Since 2004, the archaeology department has conducted research that is fieldwork-led. This research has been inclusive, offering opportunities for as many different groups as possible to be involved.
In the last seven years, the team have made major regional discoveries and created new narratives about the archaeology of North West England and North Wales. This has had a significant impact on the co-production of new knowledge in the area, leading to enhanced preservation and an increase in the perceived value of heritage assets. The co-production of this knowledge has been instrumental in engaging and educating school children and young people from areas of high deprivation, as well as higher education students and the wider public.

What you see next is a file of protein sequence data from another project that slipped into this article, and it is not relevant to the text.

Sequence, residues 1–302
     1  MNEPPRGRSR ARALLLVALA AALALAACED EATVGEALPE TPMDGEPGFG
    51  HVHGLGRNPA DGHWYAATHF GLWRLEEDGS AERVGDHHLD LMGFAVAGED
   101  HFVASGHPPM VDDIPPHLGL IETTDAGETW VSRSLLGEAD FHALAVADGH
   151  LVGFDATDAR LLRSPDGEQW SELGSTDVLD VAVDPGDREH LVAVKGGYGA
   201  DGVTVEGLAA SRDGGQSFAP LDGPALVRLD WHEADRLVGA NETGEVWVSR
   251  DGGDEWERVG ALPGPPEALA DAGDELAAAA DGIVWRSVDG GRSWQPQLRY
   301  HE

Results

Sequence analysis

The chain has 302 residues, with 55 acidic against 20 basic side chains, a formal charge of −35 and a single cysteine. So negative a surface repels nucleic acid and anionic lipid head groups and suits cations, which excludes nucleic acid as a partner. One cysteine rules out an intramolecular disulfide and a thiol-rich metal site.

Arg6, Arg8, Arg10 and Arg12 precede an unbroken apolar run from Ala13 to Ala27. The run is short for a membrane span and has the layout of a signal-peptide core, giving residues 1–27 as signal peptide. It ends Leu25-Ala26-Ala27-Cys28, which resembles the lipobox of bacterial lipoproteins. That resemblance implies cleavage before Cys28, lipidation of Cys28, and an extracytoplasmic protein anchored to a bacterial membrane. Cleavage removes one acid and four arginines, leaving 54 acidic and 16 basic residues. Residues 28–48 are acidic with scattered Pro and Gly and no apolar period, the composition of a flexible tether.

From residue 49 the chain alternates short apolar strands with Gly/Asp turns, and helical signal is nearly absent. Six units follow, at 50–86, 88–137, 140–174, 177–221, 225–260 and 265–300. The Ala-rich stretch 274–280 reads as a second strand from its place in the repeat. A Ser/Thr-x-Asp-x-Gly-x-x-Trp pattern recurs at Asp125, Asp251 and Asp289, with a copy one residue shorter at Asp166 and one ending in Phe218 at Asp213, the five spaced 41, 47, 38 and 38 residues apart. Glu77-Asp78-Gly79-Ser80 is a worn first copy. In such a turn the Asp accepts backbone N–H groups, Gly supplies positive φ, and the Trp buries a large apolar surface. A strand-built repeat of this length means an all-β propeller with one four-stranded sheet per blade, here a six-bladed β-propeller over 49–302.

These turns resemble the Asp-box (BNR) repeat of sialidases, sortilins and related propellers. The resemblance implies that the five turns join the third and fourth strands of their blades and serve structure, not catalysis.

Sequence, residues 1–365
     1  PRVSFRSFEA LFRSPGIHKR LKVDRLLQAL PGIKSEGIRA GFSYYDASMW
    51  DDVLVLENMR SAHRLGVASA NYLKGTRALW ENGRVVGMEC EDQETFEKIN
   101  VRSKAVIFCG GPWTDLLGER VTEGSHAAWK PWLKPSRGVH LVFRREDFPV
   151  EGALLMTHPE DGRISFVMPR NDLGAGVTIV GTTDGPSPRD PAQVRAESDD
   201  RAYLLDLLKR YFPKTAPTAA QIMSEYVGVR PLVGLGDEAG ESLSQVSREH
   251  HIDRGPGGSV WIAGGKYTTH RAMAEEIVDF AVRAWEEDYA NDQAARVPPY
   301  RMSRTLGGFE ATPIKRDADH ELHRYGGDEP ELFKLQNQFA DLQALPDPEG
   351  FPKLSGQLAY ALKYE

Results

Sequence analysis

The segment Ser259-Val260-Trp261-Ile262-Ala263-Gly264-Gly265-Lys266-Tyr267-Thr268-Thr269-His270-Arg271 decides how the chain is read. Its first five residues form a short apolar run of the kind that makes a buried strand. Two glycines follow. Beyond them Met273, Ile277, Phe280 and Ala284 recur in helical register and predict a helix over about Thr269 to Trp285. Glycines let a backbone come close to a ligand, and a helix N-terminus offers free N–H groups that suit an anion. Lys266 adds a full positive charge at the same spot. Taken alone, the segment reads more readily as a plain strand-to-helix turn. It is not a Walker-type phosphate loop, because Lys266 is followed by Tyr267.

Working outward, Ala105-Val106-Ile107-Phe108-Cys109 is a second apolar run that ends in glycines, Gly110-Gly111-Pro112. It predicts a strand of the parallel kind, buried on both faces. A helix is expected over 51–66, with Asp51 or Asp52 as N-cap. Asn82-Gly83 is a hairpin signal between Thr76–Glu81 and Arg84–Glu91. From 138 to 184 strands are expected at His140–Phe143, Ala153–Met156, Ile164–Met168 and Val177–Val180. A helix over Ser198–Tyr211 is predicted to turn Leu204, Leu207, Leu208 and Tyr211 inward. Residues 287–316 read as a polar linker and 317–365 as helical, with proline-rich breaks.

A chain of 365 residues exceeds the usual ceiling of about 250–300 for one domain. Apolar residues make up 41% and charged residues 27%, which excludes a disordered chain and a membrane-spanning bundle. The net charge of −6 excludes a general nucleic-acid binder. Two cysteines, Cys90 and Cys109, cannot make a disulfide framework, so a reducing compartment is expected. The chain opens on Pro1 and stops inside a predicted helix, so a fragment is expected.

Our collaborations with government agencies, environmental organisations and museums have enabled these partners to develop new narratives about the regional past to drive community engagement and influence policy. The department has worked in partnership with the Welsh heritage organisation Cadw, the Forest of Bowland Area of Outstanding Natural Beauty and Ribchester Museum in Lancashire. This has meant we can develop and drive community engagement and influence policy, impacting on education and learning, enabling us to reach and inspire excluded communities.